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Curtain Call

Virginia Museum Theater's longtime artistic director, Robert Telford, returns to Richmond.

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"Brush up your Shakespeare/ Start quoting him now/ Brush up your Shakespeare/And the women you will wow.” On a muggy Saturday afternoon, June 6, a half dozen or so theater folks sit around a table at the Virginia Museum of Fine Arts and break into song.

“That's the greatest song there ever was,” exclaims actor Bill Rothenberg with a smile as wide as a proscenium arch of the Cole Porter classic from “Kiss Me Kate.”

Rothenberg and the others aren't rehearsing, but reprising a number from a show they collaborated on 50 years ago at the now-closed — but to judge from this reunion — certainly not forgotten Virginia Museum Theater.

Some 40 associates gather at the museum's Pauley Center to reminisce with former artistic director Robert Telford, 84, who flew in from Long Beach, Calif., accompanied by his son, for a reunion with associates (acolytes, really) who worked at the theater company from 1959 to 1966. The theater was within the museum.

Although a few of the attendees are still active in other theater work, for most it's an afternoon of memories. Soon after Telford left Richmond to head a theater company in Fort Worth, Texas, the museum's theater went professional, leading to what some observers believe was the company's slow march to oblivion. The theater, then operating as TheaterVirginia, ceased operations in 2002. Arguably the best theater space in the region, it has since been “cocooned” during the museum's expansion, explains the museum's director, Alexander L. Nyerges.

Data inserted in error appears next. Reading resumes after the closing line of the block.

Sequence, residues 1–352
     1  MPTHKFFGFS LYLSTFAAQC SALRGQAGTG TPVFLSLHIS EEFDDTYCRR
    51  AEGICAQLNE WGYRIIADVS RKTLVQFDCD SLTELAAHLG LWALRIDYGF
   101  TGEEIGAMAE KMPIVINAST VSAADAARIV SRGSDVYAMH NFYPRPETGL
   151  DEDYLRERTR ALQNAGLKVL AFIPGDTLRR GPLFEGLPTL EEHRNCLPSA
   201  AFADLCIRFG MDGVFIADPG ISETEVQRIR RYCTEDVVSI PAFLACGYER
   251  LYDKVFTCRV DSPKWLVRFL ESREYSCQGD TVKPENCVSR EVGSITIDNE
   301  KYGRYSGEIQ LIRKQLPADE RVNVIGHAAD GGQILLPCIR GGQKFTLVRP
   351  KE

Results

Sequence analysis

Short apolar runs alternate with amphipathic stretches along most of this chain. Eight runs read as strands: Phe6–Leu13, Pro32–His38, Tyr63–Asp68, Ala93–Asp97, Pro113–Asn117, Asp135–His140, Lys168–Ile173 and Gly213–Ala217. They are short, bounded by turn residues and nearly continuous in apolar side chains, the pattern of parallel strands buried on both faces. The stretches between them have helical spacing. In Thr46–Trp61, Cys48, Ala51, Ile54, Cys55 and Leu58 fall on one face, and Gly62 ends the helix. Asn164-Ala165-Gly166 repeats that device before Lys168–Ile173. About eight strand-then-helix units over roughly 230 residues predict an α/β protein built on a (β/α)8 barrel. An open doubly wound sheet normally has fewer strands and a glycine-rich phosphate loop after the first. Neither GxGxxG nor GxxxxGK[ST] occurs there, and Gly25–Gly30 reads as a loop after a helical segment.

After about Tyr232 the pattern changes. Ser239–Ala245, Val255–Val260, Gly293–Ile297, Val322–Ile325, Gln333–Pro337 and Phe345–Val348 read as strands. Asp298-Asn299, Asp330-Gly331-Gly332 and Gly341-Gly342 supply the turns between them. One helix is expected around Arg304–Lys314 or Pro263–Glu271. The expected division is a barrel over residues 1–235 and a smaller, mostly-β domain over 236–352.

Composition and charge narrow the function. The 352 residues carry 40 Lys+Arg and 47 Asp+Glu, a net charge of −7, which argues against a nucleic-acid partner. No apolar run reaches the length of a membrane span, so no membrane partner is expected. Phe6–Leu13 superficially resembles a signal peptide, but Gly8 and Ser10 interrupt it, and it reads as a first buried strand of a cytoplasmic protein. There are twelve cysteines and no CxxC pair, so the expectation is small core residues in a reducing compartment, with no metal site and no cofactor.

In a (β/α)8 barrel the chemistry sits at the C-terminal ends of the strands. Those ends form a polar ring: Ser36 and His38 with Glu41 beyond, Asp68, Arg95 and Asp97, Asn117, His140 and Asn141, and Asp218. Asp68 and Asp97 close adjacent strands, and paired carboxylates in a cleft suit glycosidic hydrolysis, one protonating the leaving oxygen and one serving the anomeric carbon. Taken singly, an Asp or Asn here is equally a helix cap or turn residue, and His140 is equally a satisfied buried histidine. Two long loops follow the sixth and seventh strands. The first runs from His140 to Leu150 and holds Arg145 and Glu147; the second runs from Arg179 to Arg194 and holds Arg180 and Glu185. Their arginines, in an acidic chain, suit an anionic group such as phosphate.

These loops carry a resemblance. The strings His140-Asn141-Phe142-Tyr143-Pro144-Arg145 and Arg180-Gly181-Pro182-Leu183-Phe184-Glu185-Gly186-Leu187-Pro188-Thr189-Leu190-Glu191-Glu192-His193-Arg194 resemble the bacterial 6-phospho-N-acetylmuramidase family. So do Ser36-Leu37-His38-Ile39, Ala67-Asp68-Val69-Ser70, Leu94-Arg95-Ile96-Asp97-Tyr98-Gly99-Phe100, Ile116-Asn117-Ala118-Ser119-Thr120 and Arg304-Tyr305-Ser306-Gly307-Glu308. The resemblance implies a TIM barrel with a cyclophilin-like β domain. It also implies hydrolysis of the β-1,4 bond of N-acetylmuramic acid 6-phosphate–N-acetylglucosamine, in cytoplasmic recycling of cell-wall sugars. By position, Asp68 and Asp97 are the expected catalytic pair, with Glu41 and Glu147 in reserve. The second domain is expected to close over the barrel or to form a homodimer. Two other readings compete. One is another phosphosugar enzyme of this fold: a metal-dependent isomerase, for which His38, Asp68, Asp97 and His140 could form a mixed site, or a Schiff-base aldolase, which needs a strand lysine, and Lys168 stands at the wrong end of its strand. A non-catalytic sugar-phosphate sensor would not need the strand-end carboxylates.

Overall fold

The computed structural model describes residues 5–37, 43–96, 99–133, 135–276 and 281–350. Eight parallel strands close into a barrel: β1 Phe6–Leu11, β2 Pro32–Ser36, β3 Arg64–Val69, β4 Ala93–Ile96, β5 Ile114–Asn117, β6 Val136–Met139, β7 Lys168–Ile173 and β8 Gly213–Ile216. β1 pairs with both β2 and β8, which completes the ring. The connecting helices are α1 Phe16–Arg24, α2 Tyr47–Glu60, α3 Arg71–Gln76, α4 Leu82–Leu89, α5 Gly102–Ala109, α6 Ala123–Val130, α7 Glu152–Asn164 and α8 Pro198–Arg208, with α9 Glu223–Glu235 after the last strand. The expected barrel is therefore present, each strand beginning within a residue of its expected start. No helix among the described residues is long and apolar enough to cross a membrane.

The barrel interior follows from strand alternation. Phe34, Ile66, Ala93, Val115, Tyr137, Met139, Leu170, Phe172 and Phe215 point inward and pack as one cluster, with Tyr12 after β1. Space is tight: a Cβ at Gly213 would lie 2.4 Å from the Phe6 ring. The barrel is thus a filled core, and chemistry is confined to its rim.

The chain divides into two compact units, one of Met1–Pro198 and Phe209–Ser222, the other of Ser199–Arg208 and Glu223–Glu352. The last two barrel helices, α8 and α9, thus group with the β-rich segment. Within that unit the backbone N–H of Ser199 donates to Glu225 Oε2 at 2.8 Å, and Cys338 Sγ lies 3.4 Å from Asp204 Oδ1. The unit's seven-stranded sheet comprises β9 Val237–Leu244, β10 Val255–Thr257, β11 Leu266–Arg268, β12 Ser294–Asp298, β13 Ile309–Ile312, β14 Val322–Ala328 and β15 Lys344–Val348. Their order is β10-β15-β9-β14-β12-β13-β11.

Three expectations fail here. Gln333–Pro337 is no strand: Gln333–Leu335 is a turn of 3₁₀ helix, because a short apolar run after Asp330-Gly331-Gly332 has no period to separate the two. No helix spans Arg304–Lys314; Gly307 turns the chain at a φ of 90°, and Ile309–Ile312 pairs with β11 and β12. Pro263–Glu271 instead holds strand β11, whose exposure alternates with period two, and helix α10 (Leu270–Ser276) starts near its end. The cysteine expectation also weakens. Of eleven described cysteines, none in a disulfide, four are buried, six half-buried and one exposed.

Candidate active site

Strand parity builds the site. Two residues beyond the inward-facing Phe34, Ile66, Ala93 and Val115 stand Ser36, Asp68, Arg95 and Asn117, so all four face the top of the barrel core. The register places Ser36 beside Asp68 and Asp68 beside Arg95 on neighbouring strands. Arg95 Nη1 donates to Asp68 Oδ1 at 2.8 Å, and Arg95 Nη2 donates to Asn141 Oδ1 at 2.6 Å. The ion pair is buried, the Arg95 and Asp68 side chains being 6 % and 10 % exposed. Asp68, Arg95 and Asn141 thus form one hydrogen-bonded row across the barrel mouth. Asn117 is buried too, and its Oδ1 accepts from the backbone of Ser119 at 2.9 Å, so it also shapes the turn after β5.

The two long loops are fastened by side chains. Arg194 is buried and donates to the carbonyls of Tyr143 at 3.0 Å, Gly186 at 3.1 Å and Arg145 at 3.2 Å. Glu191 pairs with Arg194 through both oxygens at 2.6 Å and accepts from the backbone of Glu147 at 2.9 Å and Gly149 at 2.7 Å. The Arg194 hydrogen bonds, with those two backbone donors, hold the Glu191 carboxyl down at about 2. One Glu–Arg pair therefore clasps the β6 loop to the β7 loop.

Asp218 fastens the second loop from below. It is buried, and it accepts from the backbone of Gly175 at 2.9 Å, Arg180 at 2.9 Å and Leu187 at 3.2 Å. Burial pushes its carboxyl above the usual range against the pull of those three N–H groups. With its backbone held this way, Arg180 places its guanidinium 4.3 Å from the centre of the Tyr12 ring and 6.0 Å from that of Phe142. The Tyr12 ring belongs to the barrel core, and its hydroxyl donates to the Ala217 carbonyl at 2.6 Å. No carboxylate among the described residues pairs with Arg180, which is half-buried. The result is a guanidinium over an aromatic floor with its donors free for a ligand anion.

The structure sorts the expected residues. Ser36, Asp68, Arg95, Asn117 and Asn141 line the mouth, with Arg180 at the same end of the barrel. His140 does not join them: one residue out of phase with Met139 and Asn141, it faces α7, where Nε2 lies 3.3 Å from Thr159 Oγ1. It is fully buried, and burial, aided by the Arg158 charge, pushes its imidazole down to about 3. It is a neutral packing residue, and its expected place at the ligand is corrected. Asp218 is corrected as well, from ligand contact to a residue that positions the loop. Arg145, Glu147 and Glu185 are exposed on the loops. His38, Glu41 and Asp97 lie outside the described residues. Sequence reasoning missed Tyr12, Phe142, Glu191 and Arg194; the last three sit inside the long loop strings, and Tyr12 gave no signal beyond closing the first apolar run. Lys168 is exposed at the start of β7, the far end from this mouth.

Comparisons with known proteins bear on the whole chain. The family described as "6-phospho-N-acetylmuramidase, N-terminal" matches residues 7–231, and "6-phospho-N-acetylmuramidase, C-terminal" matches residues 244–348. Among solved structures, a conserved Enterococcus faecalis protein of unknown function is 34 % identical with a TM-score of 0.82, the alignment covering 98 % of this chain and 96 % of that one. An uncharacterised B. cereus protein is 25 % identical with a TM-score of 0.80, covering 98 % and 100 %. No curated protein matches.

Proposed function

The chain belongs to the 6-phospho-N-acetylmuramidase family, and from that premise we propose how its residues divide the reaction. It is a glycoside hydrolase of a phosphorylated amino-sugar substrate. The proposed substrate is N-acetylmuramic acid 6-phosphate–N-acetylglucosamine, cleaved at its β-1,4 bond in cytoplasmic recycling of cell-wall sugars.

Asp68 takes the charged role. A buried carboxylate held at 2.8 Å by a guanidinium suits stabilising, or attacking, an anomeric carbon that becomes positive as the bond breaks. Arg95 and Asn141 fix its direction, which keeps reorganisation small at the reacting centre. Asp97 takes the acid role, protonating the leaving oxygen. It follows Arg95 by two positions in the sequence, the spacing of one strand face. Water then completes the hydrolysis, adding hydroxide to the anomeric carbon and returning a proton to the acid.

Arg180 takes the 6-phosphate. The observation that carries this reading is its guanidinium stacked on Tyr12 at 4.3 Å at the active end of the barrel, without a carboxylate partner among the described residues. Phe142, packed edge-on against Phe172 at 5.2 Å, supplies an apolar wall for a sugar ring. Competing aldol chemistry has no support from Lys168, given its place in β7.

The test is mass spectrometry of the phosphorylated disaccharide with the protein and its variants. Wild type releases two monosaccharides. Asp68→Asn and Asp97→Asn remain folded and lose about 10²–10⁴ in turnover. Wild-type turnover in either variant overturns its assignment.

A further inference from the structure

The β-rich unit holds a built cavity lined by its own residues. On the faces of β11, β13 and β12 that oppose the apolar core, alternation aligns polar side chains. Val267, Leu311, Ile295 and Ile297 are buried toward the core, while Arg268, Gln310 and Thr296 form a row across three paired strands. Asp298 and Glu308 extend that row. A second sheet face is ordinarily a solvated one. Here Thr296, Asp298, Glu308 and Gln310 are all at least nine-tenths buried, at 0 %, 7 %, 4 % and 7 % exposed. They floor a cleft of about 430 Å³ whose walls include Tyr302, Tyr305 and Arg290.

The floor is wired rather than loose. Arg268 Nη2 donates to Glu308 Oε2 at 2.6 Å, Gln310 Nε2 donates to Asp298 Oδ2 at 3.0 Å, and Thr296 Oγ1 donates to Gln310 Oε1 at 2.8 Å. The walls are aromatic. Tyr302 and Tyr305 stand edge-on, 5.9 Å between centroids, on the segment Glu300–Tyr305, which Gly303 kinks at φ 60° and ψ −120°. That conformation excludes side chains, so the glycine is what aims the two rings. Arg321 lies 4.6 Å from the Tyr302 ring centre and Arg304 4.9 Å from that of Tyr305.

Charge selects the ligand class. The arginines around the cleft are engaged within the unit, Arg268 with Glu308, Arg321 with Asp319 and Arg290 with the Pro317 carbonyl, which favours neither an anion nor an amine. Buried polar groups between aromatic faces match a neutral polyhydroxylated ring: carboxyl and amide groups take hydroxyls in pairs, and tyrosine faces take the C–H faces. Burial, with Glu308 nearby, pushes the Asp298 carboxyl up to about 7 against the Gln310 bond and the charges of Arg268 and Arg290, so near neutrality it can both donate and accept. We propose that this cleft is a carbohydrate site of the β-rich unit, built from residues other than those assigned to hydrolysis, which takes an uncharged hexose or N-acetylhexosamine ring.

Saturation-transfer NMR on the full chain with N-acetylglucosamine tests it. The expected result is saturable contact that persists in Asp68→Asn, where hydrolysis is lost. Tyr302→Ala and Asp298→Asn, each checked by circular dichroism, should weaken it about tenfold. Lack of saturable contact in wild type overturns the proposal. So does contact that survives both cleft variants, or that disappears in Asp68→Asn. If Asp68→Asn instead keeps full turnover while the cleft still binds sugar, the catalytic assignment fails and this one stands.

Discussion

Many maintain that Telford's tenure marked the theater's glory years with memorable productions such as “The Cherry Orchard, “Waiting for Godot,” and “Oklahoma!” establishing high benchmarks for local theater.

“We had some people that were just as good as Broadway,” Telford tells the assembled, “[but] the company went from being community theater to being a fund-raising operation.”

“If I were still here, that theater would still be open,” he adds, “but I'm not here to bitch.”

The afternoon was not an occasion for commiserating.

Telford makes it clear that he's most proud of having broken some racial barriers during with the theater. He recalls how he had wanted to produce “The Miracle Worker.” The play about the life of Helen Keller called for two black roles. But since the theater was a state institution in a state building and segregation was the law, he couldn't.

Later, however, Telford explains that when he produced “You Can't Take it With You,” he again needed to cast two black roles. He secretly smuggled actors into auditions at the museum studio and cast Carl Lester and Mary Jo Washington, both prominent African-American actors, in the play. 

“I cry when I say this,” he says, “But opening night the house blew off: It was the most incredible ovation I'd ever heard. That applause, I felt mighty proud of that. I think we changed things for Richmond. Theater not only reflects, but can also direct [the course of events].”

“And I've learned something along the way,” Telford adds, “Don't ask permission: Just do it and let them [the authorities] come to you.” S

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